Monday, January 01, 2007

Call Al Nino!

A Brit newspaper says 2007 will be the hottest year on record. The same paper told us Israel used nukes in Lebanon - so prepare for an arctic year.

Back in October, the London Independent's reporter Robert Fisk said Israel used:
...some novel small experimental nuclear fission device or other experimental weapon...or...a bunker-busting conventional uranium penetrator weapon employing enriched uranium rather than depleted uranium.
Now the same paper tells us:
A combination of global warming and the El Niño weather system is set to make 2007 the warmest year on record with far-reaching consequences for the planet, one of Britain's leading climate experts has warned.
As we've come to expect from this organ, the article then debunks itself (my emphasis):
The cause of the phenomenon is not fully understood but in an El Niño "event" the pool of warm surface water is forced eastwards by the loss of the westerly trade winds...

The co-relation with global warming is as yet unclear. Archaeological evidence shows El Niños and La Niñas have been occurring for 15,000 years. But scientists are investigating whether climate change is leading to an increase in their intensity or duration.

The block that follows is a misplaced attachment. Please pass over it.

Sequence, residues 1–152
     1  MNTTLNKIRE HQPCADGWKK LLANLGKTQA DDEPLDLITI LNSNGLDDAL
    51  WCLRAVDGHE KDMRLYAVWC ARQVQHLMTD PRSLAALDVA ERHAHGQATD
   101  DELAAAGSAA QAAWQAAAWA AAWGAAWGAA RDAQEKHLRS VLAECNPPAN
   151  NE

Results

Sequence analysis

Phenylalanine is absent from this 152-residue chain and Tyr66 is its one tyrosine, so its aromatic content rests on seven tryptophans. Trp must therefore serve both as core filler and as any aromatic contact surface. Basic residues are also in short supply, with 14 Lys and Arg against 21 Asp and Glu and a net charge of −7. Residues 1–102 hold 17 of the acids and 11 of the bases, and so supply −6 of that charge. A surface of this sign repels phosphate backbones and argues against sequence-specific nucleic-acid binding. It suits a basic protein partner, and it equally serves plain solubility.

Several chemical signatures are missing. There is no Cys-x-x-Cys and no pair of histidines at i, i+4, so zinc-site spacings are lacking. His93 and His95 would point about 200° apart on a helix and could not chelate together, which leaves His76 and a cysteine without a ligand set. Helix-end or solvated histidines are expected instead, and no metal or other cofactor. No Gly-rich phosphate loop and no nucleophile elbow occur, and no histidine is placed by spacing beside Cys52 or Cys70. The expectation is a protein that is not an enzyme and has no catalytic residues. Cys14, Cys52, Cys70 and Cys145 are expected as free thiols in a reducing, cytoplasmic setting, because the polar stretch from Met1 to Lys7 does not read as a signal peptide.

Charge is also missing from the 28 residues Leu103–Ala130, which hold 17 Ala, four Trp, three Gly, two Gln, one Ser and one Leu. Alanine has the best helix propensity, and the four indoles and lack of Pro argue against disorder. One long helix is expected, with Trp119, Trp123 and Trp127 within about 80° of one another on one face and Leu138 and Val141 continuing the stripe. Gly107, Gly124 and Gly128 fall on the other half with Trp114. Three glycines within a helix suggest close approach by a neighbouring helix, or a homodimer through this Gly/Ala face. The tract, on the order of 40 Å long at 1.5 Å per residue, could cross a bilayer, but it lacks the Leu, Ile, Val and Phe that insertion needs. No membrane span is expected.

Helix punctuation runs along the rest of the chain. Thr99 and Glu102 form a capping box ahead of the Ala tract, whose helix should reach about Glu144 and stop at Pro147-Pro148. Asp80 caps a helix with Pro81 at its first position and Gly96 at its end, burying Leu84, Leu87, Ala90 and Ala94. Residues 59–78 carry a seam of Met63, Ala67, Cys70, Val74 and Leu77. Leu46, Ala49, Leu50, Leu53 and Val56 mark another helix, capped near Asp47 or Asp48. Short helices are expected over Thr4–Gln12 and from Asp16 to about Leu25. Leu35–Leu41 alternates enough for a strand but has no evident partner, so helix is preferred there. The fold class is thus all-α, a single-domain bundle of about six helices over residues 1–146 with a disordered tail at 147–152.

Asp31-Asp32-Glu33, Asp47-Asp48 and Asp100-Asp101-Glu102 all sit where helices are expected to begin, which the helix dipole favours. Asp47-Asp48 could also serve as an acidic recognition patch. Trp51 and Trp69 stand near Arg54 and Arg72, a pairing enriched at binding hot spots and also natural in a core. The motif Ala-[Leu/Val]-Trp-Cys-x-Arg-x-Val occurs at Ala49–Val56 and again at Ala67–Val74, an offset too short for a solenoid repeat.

If the "leading scientists" and Independent don't understand the one copper-bottomed 15,000 year-old climate change mechanism, their predictions are fantasies, not science.

The Independent would do better calling the guy who fixed the last El Nino (my ellipsis):
(March 1998)...a retired naval pilot from Nipomo in California is being accused of the greatest feat of global manipulation ever. And all because his name is Al Nino.

...Alphonso Nino, to give him his correct first name, has been deluged with telephone calls accusing him of being the cause of all the climatic trouble.

Mr Nino has taken a diplomatic approach to the public vitriol against him and says he tries to deal with the calls with good humour.

"Some of them absolutely curse me out and others just ask me, in a rather grudged way if I can just stop the rain." "I told one man who'd called me to ask me to stop the rain, that I'd stop it for him. He called me three days later to thank me for making the rain stop."

Mr Nino is listed in the phone book as, Nino, Al, (he's the only Nino in the book) but he says he won't change his listing to stop the calls. "I've rather enjoyed it, I'm thick skinned ... I'm an old Navy man so I like to trade barbs with the people that call."